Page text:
Nicky Morgan's Loughborough is a key marginal which on uniform swing goes LAB even if CON ahead on votes nationally pic.twitter.com/yAA3hSUQln
— Mike Smithson (@MSmithsonPB) July 16, 2014
Ladbrokes make it LAB 10/11 and CON 10/11
The above table is based on the Electoral Calculus projection of what happens on national vote shares of CON 36, LAB 35.6, LD, 12, UKIP 9.
The seat highlighted is Nicky Morgan’s Loughborough which as can be seen would go LAB even though EdM’s party would be behind on national vote share. This would be the 316th LAB seat leaving the party ten short of an overall majority.
Morgan, who yesterday took over Michael Gove’s job as Secretary of State at Education, is the Tory cabinet minister who is most vulnerable at the election. Her seat is so on the margin that currently Ladbrokes have both CON and LAB as 10/11 joint favourites.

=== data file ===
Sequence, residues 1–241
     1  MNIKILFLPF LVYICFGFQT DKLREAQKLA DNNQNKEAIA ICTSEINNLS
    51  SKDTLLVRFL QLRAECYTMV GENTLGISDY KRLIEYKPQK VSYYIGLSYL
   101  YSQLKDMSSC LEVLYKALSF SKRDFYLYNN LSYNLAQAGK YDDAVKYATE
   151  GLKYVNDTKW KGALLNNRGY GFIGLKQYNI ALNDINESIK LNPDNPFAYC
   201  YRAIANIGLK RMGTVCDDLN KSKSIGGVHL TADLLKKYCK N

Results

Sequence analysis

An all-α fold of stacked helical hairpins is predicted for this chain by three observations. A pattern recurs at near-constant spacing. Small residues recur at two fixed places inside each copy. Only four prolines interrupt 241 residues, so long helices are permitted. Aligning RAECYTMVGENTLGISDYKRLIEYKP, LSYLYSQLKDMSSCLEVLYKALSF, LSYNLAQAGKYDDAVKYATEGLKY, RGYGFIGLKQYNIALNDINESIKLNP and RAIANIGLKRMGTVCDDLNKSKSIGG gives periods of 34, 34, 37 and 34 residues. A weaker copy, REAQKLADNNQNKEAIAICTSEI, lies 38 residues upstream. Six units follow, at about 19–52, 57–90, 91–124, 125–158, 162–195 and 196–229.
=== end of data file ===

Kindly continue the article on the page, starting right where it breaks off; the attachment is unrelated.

My purpose is to highlight the challenge facing the Tories because of the way the electoral system works. If by any chance the above national vote shares happened and the swing was the same in every seat LAB would come out with 28 more MPs than the Tories.
- In fact the Tories would still be losing seats to LAB even if they had a 6% national vote lead.
A part of this is down to the boundaries but not that much. The main reasons why the system appears to work so much in favour of the red team are much lower turnout levels in heartland seats and that the party finds it much harder to get its vote out in constituencies where the result is a foregone conclusion.
All of this can be upset by incumbents, particularly first time ones like Morgan, performing better than the national swing. Tory supporters shouldn’t rely too much on that. Some of the Ashcroft polling has shown that there is disproportionate LD-LAB switching in key battlegrounds.